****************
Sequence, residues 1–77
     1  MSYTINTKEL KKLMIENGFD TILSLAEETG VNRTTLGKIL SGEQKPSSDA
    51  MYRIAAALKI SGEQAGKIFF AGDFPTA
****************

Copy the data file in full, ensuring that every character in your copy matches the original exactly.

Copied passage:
Sequence, residues 1–77
     1  MSYTINTKEL KKLMIENGFD TILSLAEETG VNRTTLGKIL SGEQKPSSDA
    51  MYRIAAALKI SGEQAGKIFF AGDFPTA